The Effectiveness of Learning Objects in Online Environment

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Literature Review

This study was aimed at exploring the efficiency of Learning Objects (LOs) in an online environment. This efficiency was determined by establishing whether lecture videos enhance the comprehension of information, if tutorial videos enhance the motivation for learning and whether project examples assist in the learning process. This literature review, therefore, highlights several significant areas that are pertinent to this research, which is the theoretical framework and the relationship between learning comprehension and lecture videos. It also includes a discussion of the impact of tutorial videos on the motivation to learn, the role project examples play in the learning process and a summary.

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Learning Objects and Online Environment

The learning environment effects on learning outcomes have been under constant exploration by educational researchers (Ni, 2013). A good example is a study that was conducted by Entwistle and Ramsden in 1981 that identified an empirical link between learning approaches and the features of the educational environment as perceived by the learners (Ni, 2013).

Learning objects can be defined in various ways. However, broadly stated, a learning object is an instructional source that can be reused and is often a digital and web-based instructional source that has been developed for learning or as a support system for learning (Mestre et al., 2011). The production of learning objects is the primary activity contained in the design and development of online toolkits. Learning objects can, therefore, be further described as eLearning resources used in various subject areas in different formats. It is in this regard that their definition is unclear due to the various views that are held about online learning and instructional design (Watson, 2010).

Alex Koohang (2007) in his book “Learning Objects: Theory, Praxis, Issues, and Trends” discussed learning objects in the context of reusability (Koohang, 2007). In this case, the learning resources often designed to serve a particular purpose are utilized to support other uses (Koohang, 2007). According to Koohang (2007), for the LOs to be effective,” the content should be broken down into reusable, non-contextualized segments of information and data” (p.115).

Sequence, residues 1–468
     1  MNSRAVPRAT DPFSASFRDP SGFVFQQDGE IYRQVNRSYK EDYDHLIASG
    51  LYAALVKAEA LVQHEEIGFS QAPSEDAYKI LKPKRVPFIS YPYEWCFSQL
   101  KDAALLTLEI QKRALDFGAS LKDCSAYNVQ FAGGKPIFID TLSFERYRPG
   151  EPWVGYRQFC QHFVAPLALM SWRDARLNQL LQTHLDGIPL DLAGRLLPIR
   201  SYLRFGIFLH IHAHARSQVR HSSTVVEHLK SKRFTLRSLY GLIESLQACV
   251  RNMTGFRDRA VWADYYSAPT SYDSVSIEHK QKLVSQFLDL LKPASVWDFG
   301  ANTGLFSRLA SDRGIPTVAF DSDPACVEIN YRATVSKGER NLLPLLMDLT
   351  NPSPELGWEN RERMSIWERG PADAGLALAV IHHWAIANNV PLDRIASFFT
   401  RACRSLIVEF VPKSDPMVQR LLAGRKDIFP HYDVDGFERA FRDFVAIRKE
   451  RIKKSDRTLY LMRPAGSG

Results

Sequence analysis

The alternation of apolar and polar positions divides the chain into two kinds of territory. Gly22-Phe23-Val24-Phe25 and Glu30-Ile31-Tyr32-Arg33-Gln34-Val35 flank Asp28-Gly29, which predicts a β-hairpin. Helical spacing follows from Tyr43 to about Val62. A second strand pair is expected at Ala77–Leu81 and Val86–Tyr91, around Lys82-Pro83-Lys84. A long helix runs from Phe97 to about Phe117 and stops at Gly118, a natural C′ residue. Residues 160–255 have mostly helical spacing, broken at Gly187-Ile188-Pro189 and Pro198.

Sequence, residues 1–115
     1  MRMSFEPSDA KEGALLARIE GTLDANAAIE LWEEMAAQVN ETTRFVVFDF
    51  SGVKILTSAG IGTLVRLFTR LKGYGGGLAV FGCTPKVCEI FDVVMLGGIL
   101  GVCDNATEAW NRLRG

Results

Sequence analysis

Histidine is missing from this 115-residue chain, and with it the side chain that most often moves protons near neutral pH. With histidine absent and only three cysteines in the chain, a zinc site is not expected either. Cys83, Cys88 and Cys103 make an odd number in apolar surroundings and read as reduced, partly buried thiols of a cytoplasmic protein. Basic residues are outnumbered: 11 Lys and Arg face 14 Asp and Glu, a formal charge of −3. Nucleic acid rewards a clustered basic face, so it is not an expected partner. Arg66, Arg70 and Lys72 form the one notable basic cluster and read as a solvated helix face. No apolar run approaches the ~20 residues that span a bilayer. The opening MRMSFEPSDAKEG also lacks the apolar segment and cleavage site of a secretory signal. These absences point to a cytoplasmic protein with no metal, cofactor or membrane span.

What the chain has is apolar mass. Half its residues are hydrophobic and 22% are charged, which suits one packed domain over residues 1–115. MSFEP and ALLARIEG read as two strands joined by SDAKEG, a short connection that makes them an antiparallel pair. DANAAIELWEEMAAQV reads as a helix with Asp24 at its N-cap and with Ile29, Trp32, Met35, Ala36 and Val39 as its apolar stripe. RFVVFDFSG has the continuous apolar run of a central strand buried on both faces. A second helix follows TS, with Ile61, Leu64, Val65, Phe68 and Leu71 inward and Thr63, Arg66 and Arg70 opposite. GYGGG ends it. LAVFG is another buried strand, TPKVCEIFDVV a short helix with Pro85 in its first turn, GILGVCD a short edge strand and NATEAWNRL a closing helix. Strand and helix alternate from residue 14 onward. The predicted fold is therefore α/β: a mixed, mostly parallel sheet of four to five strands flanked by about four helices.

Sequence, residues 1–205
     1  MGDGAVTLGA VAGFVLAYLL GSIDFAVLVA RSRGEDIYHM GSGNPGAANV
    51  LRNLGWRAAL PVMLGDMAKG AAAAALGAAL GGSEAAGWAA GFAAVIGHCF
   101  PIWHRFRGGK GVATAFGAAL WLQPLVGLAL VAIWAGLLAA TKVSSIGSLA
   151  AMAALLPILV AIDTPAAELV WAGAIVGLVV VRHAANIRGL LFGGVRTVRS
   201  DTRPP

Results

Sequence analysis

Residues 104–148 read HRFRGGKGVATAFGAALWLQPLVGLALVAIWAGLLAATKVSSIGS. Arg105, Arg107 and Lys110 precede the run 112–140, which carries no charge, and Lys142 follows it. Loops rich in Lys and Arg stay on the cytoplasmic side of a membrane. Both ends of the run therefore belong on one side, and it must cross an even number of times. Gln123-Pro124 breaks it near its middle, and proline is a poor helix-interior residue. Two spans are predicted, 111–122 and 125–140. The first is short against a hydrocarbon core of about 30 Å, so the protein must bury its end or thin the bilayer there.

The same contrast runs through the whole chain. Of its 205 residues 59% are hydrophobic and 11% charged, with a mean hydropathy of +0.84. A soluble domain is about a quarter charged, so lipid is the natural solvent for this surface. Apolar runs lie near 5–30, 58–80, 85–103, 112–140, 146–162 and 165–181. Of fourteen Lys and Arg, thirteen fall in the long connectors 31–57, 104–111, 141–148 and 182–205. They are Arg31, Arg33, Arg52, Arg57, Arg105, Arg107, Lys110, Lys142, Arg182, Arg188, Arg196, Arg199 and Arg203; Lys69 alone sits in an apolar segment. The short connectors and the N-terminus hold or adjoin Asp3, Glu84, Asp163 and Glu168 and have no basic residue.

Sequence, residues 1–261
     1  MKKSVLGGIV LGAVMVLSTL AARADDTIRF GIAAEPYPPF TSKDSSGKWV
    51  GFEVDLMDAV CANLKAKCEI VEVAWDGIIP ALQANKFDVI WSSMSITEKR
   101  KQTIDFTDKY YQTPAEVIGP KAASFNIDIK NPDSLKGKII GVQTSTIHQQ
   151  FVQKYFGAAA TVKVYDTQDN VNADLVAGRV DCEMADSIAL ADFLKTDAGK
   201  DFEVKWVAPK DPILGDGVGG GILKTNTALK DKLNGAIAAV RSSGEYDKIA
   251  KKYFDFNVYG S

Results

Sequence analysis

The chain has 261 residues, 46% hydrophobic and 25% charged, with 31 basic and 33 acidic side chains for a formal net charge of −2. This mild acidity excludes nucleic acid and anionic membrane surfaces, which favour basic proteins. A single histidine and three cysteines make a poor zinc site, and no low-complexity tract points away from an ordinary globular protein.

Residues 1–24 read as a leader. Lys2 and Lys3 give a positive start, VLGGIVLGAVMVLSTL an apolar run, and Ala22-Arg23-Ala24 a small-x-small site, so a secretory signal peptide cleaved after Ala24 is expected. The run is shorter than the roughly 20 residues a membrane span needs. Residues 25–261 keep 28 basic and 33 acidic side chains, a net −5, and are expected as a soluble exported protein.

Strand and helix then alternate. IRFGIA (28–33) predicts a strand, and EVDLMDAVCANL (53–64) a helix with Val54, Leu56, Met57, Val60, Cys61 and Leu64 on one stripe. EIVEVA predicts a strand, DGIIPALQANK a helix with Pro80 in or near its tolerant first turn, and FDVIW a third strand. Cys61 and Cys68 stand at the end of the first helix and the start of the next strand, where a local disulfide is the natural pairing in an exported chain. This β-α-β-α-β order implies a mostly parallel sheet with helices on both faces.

Koohang (2007) classified the human mind into five conceptual categories: data (symbols), information (processed data), knowledge (application of data and information, understanding, and wisdom (evaluated understanding). Therefore, for learning to be effective using learning objects, there should be a consensus by the designer and students on the distinctions between the above-stated faculties. These distinctions allow for the identification of the various relationships; hence, increase comprehension and learning motivation (Koohang, 2007).

Instructional design theory is described as a design-oriented method that provides a description of the instructional methods and situations where the methods are to be applied (Reigeluth, 2011). The theory indicates that to facilitate the effectiveness of learning objects, the theory that is probabilistic in nature should be contained in the objects. Therefore, the objects should be designed in line with the context (Reigeluth, 2011). Chin and Williams (2006) further indicate that these learning objects should also be created depending on the environment (Chin & Williams, 2006). They indicate that the instructive, situating, constructive, supportive, communicative, collaborative, and evaluative environments should be considered designing LOs for effectiveness. Chin and William (2006) provide the seven principles of adult learning that should be incorporated into the design (Chin & Williams, 2006). Therefore, learning object effectiveness is contingent on the inclusion of the above-stated factors in its design.

Question 1: Do Lecture Videos Enhance Information Comprehension?

Learning is a continuous process of developing new ideas and information. The significance of learning is to understand the information being passed by the tutor or lecturer to the audience. Therefore, various methods of increasing learning comprehension have been adopted to conceptualize the process of learning among students. The use of visual aids in education has been linked to improving memory among students as they can capture information vividly when presented through graphical or visual presentation rather than orally. Therefore, the study identified whether the use of lecture videos enhanced information comprehension among students in a learning environment.